Property Tax: How It's Calculated And The Factors That Influence It

Property tax is a government-imposed obligation that real estate owners have to pay annually. The amount of the bill to be paid depends on many factors included in its calculation. As a property owner, you must be curious about how an amount is determined for it.

It’s only normal to feel that way because details like that can spell the difference between gaining savings and spending more money on your house. You’re already dealing with a monthly mortgage and utility bills as is, so it’s only right to be aware of such things.

Educate yourself so you can set your budget for your annual bill. Learn about the key variables of property tax in this article. Here are the factors that affect your property tax bill and how it’s calculated.

Tax assessment

Before a tax bill can be issued to you, the government will first conduct an assessment of your property. A tax assessment determines the value of a piece of real estate. Whatever result the assessor comes up with will be used to calculate your tax bill.

The assessor will be assigned by the government and will use different methods to assess property tax. Assessors usually use either one of the three main property tax assessment methods. They are as follows:

Income method

This method involves assessors estimating how much income the property can derive if it were to be leveraged to help you earn money. It requires the assessor to consider how much money the property may bring in. Properties that are often assessed using this method are apartments, office buildings, and commercial properties.

Sales comparison method

This method involves comparing your property to the current sales rate of others with similar attributes. This method is mostly used for residential real estate.

Replacement method

Assessors will estimate how much it would cost to replace a building or structure using current market rates for expenses. It’s a method that a property tax service company commonly uses for specialized and unique properties.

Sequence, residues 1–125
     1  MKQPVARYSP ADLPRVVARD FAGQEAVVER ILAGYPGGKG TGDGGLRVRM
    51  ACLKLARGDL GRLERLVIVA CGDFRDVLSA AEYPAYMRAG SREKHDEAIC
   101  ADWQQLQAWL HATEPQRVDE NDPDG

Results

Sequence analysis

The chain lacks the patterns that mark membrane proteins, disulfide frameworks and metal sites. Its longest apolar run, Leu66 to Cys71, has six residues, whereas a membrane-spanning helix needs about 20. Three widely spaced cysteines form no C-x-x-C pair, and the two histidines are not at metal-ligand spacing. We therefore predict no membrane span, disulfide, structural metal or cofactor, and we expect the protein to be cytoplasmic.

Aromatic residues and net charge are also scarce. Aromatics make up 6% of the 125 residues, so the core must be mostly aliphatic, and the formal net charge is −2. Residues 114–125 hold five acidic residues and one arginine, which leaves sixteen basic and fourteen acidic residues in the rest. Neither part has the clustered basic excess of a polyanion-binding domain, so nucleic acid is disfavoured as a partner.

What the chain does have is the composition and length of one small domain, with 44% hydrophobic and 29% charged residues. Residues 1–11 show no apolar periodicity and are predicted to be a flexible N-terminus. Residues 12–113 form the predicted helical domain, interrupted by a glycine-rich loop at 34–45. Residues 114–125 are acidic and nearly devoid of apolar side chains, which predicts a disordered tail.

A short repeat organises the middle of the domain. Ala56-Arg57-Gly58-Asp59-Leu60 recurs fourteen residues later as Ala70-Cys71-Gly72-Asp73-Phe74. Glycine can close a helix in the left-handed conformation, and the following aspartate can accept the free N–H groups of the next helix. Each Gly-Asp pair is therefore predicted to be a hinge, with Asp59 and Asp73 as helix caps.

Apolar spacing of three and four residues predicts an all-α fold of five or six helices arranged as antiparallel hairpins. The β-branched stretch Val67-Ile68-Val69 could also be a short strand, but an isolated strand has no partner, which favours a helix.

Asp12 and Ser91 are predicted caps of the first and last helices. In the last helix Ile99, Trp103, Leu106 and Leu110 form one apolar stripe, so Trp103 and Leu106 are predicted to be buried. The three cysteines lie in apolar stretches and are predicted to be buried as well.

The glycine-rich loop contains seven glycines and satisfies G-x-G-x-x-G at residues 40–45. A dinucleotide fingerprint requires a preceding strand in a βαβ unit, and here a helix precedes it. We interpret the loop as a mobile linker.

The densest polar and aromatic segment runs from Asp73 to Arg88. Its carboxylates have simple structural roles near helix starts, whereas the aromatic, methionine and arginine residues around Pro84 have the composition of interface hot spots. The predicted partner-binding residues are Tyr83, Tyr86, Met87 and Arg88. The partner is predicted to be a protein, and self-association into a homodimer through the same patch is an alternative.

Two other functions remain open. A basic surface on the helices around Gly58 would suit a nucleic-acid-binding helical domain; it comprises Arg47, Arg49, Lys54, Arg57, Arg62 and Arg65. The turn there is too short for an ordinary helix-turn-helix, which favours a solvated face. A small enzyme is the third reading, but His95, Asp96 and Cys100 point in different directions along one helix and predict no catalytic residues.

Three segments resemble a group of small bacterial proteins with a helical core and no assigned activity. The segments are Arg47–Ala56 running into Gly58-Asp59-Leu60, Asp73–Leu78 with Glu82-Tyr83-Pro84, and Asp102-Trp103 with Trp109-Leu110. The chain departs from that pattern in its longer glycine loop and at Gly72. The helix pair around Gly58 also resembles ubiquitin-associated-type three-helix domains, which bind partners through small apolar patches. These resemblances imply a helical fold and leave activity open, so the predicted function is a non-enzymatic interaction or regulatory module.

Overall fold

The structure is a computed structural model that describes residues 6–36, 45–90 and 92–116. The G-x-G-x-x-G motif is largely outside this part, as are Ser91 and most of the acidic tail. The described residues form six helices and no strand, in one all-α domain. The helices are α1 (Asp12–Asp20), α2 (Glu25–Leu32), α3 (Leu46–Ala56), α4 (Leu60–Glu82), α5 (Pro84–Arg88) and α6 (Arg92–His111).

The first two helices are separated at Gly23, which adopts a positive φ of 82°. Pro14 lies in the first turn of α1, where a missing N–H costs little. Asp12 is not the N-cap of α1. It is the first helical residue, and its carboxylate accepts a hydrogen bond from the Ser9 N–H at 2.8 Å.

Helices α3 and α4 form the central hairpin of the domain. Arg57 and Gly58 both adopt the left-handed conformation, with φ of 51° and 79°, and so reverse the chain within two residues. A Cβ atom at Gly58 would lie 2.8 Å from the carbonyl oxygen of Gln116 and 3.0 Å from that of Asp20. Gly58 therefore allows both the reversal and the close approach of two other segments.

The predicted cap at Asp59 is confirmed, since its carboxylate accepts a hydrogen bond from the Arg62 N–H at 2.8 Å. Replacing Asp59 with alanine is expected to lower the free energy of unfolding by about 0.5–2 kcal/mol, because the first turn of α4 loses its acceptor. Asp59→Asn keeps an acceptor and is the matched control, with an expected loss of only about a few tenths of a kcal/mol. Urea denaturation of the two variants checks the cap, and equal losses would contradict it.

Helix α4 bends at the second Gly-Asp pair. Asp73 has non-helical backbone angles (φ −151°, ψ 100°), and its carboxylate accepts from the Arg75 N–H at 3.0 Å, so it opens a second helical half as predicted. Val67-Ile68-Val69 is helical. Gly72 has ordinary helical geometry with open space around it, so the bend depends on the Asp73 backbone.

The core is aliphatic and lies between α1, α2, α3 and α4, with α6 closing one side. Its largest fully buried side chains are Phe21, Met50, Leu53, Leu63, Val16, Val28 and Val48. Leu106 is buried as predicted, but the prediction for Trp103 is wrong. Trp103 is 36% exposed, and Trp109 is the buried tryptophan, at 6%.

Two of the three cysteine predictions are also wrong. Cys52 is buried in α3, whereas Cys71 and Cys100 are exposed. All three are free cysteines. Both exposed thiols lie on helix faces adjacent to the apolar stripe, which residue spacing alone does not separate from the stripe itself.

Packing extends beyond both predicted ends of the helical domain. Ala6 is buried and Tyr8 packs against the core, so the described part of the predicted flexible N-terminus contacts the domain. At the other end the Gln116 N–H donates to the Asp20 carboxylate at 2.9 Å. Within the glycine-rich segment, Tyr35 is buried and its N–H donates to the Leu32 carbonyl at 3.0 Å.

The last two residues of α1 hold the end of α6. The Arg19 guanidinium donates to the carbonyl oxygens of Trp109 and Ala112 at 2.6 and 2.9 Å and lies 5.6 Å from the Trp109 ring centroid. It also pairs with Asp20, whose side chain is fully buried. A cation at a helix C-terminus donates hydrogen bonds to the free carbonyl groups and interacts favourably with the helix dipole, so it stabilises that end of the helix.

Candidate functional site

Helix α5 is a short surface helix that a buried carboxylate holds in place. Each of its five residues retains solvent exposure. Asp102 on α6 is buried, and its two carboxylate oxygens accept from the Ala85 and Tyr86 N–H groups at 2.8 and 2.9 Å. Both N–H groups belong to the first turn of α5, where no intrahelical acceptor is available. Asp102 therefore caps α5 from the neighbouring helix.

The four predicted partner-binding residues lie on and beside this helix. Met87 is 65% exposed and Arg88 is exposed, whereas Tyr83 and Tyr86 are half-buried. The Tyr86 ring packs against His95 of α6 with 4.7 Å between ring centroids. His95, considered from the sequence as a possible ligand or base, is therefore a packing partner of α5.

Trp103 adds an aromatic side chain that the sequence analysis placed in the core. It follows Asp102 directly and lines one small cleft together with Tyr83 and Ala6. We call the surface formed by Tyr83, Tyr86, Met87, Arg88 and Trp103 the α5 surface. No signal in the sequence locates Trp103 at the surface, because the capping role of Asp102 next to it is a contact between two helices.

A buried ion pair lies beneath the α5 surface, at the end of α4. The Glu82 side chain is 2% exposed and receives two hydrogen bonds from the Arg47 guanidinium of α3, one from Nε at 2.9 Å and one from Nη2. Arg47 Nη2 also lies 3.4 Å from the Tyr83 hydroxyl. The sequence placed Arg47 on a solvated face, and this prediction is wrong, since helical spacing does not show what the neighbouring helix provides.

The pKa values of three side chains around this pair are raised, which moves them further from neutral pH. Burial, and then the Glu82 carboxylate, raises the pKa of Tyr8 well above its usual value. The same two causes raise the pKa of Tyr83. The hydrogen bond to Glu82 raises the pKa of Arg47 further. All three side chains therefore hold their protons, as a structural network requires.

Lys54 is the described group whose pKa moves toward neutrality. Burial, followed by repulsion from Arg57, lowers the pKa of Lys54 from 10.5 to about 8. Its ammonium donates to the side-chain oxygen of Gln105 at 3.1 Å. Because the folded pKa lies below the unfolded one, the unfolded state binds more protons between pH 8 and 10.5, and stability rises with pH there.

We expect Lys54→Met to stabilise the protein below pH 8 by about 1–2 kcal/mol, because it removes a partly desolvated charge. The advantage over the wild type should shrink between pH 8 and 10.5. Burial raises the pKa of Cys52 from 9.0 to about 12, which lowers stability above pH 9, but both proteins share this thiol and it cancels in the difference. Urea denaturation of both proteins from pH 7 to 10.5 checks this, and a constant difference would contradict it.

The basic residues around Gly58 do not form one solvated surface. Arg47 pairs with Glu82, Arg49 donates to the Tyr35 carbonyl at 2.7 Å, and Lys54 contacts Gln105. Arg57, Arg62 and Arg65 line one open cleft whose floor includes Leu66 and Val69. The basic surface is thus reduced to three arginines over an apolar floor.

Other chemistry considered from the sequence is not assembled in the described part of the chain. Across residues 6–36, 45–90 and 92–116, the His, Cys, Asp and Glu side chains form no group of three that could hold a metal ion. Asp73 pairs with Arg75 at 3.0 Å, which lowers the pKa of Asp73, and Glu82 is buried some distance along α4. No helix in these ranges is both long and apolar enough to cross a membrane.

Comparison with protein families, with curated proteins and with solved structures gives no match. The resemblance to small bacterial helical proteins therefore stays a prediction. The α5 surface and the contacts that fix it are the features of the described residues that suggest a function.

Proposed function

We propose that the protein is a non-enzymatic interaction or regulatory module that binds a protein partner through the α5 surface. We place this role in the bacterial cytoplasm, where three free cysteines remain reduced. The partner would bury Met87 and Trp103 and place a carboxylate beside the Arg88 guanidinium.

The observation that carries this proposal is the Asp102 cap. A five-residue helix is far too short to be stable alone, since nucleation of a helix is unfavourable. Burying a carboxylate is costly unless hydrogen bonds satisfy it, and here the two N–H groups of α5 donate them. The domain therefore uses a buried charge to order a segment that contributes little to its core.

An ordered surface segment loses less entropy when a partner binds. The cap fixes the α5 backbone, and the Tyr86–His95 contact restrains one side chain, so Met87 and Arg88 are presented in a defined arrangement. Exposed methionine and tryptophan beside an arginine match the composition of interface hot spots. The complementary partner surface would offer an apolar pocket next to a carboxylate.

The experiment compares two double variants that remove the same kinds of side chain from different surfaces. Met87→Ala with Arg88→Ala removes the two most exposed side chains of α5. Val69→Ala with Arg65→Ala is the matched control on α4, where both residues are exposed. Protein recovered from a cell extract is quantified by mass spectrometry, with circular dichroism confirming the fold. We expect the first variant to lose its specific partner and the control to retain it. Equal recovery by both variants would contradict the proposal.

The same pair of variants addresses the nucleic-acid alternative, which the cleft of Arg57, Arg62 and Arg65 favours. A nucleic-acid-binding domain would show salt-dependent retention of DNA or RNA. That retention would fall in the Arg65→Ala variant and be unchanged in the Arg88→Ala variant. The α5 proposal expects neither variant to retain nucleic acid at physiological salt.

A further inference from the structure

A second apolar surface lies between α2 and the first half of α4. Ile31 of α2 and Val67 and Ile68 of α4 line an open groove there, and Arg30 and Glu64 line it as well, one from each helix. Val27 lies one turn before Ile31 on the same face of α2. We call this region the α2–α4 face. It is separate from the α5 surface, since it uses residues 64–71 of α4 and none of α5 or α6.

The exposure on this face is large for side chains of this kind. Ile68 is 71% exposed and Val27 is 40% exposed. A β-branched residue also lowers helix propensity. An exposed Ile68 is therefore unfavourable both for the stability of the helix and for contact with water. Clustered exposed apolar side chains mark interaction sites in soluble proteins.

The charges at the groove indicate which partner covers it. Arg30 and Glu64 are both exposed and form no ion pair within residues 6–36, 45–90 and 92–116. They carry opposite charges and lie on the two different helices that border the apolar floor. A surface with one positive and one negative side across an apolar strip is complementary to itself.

Factors influencing your property tax bill

Now you know that tax assessment is the basis of determining your property tax. The next thing to learn is the factors that influence the result of the property tax assessment.

Here are these factors that affect your tax bill computation:

Appraised value

Your property’s appraised value is an evaluation based on its physical attributes and comparable properties. The authorities will consider it for taxation purposes, but it’s not the alpha and omega for it. It’s because an appraisal is subjective, which means different appraisers can come up with their own appraised value for a property.

Assessed value

The assessed value of your property defines its worth for taxable purposes. This value will align with the appraised value at times but more frequently than not, it won’t. In fact, it has a greater influence on your tax bill than the appraised value.

Taxable value

This factor determines your tax liability as a homeowner. You can compute the taxable value by multiplying your property’s assessed value by the local millage rate. Do not include the exemptions that you qualify for when calculating the taxable value. Exemptions are granted by the authorities to reduce the taxable value and lower property tax bills to help homeowners on a budget.

Property tax calculation

Your tax bill total is calculated using the assessed valuation of your property, your given property tax rate, and the exemptions you qualify for. The property tax assessment process takes several factors into account, which is why your bill can vary occasionally.

Your property tax rate will be expressed as a percentage or a millage rate. The assessed value of your property will be multiplied by that rate to calculate your tax bill for the year.

Wrap up

Your property tax is calculated with an assessed value and a given tax rate. The assessed value is influenced by different factors that assessors will note when they look at your property. That’s the gist of how your property tax is determined, and now that you’re aware of it, you can have an idea of how much you’ll need to pay for it.

William Ross profile photoWilliam Ross may not be a lawyer by profession, but he’s one of the sharpest writers out there when it comes to property tax and valuation. Armed with considerable knowledge and gifted with impeccable writing skills, he can surely deliver engaging property-related content.